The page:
If you use a laptop you are probably familiar with one of 2 these situations:
- Your laptop is going to run out of battery and you forgot its charger at home.
- Your laptop battery is old (needs to be replaced) and you always need to plug it into the wall.
Well, besides charging mobile phones and other gadgets, did you know you can use a power bank to charge a laptop?
Certainly, a power bank can perform the same function as a laptop charger, although you should know that, obviously, its power is limited and not just any model will do.
For a power bank to really work as a replacement for a charger, it must meet a series of requirements:
- Connector: include a cable with a connector compatible with the laptop’s charging port.
- Voltage (V): same working voltage.
- Power (W): same or greater power supplied.
In this guide, we will learn how to identify a laptop power bank taking into account the above requirements, and, as always, we will recommend the best models available on Amazon.
- 1 Features of a laptop charger
- 2 Using a power bank as a laptop charger
- 3 How much power does a power bank need to charge a laptop?
- 4 How many hours would I be able to use a laptop with a power bank?
- 5 Quick guide and real use cases 📝
- 6 Best power banks for laptops (February 2024) 🚩
Before going deeper into the guide, we recommend the following video to get an idea of the different options for charging a laptop with a power bank:
Disclaimer: this video was translated using AI.
Features of a laptop charger
First of all, we need to know the specifications of our laptop charger to find a power bank that meets the same requirements.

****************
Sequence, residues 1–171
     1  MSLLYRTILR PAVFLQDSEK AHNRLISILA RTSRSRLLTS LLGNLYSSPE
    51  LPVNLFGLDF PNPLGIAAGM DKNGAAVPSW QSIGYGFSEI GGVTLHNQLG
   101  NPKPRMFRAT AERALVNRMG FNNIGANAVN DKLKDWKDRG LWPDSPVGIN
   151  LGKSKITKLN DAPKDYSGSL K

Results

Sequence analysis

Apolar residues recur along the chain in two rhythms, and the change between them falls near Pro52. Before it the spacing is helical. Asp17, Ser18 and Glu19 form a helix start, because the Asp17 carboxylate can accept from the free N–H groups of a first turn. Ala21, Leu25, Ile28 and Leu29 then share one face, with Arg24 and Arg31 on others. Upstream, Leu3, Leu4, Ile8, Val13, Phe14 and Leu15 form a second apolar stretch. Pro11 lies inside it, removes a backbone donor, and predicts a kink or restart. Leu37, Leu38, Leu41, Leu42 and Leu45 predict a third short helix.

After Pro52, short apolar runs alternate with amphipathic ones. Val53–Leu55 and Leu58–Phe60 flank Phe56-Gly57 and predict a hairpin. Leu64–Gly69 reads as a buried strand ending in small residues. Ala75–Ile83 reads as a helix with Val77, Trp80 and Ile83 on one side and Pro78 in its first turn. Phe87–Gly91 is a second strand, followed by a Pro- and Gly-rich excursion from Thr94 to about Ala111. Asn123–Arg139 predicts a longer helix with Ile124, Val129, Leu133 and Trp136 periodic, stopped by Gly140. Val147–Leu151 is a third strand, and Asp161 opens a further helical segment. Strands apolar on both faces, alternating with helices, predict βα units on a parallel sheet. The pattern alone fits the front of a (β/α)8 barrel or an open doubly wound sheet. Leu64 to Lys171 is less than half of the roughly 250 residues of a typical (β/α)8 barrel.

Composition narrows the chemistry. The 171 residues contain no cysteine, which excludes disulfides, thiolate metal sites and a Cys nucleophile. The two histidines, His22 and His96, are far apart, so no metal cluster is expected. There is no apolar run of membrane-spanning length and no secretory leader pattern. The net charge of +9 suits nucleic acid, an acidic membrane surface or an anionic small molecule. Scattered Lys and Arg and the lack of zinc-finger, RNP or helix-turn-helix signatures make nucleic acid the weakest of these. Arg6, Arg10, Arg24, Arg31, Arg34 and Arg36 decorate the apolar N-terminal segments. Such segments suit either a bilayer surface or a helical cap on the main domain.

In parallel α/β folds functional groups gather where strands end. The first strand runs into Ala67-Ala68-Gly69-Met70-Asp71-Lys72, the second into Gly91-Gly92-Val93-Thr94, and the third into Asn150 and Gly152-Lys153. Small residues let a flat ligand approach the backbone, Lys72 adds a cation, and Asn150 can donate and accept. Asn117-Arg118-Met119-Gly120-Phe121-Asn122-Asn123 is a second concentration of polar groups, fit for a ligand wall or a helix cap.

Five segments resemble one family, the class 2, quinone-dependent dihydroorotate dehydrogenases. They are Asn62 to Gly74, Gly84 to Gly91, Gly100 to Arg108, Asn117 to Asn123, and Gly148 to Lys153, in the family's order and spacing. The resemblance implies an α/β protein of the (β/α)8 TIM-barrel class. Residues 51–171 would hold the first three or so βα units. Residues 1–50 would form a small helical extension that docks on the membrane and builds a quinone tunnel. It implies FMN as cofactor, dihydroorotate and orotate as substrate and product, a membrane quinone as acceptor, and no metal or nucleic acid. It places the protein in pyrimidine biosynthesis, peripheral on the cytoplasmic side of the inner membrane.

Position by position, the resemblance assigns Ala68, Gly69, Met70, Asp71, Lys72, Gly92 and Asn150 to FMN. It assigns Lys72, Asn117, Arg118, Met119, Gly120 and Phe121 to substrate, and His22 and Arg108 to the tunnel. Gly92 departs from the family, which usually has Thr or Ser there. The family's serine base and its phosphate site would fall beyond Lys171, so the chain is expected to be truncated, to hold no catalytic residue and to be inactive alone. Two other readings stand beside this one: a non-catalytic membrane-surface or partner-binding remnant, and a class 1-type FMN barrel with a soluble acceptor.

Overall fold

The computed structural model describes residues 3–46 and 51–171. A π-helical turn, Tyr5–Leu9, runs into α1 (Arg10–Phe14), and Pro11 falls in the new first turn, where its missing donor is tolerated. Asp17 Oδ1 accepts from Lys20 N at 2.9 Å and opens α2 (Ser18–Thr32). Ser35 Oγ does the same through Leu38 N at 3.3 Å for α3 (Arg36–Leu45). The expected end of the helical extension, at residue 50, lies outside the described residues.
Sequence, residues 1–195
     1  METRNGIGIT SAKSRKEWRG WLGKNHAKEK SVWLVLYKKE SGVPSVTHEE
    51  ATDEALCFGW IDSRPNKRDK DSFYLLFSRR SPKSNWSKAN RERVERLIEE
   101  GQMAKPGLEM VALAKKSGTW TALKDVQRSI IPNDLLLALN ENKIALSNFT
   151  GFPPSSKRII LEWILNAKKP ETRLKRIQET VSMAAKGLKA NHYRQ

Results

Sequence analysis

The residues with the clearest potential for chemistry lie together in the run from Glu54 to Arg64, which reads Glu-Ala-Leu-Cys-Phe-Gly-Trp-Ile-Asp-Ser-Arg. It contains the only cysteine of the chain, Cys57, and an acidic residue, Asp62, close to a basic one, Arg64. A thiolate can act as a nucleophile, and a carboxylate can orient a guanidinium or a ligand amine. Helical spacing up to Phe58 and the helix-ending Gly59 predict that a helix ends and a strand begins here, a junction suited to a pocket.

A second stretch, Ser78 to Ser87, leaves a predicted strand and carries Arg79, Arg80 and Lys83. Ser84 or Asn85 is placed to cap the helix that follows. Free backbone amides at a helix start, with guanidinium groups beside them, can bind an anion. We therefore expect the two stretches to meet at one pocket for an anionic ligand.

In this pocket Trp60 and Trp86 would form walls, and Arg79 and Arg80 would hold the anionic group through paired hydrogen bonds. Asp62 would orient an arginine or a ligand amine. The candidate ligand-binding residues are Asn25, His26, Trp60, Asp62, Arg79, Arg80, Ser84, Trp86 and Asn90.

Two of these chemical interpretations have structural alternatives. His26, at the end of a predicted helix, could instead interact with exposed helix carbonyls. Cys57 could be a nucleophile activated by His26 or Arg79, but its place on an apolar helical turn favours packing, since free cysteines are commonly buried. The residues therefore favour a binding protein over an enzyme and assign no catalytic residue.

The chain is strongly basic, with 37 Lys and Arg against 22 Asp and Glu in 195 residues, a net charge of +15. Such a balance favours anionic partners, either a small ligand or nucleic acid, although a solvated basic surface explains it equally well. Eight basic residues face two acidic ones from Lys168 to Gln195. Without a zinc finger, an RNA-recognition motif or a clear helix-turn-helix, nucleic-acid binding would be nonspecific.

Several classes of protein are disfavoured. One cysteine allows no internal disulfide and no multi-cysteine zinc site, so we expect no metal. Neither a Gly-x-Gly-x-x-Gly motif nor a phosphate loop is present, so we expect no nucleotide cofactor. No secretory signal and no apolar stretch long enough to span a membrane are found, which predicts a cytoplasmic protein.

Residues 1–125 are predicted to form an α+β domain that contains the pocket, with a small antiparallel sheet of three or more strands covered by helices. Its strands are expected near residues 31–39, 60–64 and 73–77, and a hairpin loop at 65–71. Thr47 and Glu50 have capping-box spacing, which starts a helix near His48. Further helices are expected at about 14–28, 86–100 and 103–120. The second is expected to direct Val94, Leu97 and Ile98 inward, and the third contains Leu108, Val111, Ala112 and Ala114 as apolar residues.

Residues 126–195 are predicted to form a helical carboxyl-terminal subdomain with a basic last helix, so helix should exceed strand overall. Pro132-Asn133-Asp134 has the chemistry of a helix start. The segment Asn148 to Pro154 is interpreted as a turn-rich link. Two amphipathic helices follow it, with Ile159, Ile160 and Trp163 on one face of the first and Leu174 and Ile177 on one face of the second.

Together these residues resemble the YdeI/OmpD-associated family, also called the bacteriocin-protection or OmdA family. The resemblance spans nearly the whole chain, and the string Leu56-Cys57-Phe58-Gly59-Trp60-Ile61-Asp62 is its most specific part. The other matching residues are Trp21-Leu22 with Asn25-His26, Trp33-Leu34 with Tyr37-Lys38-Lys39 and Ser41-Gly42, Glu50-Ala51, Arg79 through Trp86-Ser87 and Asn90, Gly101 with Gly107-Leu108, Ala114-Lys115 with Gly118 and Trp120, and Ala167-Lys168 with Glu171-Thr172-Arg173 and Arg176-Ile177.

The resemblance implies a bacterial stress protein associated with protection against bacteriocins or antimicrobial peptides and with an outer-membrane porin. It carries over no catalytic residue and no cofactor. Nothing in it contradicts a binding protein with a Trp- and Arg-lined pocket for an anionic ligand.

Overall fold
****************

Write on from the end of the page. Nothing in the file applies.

In the following image we can see the specifications of a laptop charger:
We must check the output parameters (Output):
- Voltage: 19.5V
- Current/Amperage: 4.62A
This means that this charger works at a voltage of 19.5V (volts) and supplies a maximum current of 4.26A (amps).
This charger does not indicate the maximum power that it can supply but we can easily obtain it by multiplying the voltage by the current:
- Power: 19.5V x 4.62A = 90W
Using a power bank as a laptop charger
Next, we need to find a power bank that replaces our charger and meets the following characteristics:
A laptop can be powered through a power bank in 3 different ways, depending on the OUTPUT port it has:
There are 3 types of laptop power banks on the market:
Output port voltage (V) ❗
Depending on the type of power bank we need to check for which voltages its output port works to know if it is compatible with the charging voltage of our laptop:
If we use a power bank with AC output port it is not necessary to check the voltage because we would still power the laptop with its own charger (which is already in charge of transforming the 220V voltage to the charging voltage of the laptop).
On the other hand, if we choose to buy a power bank with DC or USB-C PD output port, it is very important to check that this port has the same voltage* as your laptop charger, otherwise you could irreversibly damage your laptop.
This output voltage will always be indicated in the power bank specifications as “DC Output” or “USB-C Output”.
On the other hand, we can also find models that may have one or more DC output ports with a fixed voltage or a single multi-voltage DC port, whose voltage can be selected (by pressing the “Power” button) to the charging voltage of our laptop.
Obviously, if we were to use a power bank with AC output it is not necessary to check the voltage because we would continue to power the laptop with its own charger (which is already in charge of transforming the 220V voltage to the computer charging voltage).
Power supplied (W)
Finally, we must take into account the maximum power that can be supplied by the output port of the power bank:
If the charger of our laptop is 65W then it is advisable to use a power bank that is capable of providing the same or higher power than the charger, because, otherwise, the computer would not even start up as it needs the maximum power during its start-up (and subsequent use) at the same time as it recharges its battery.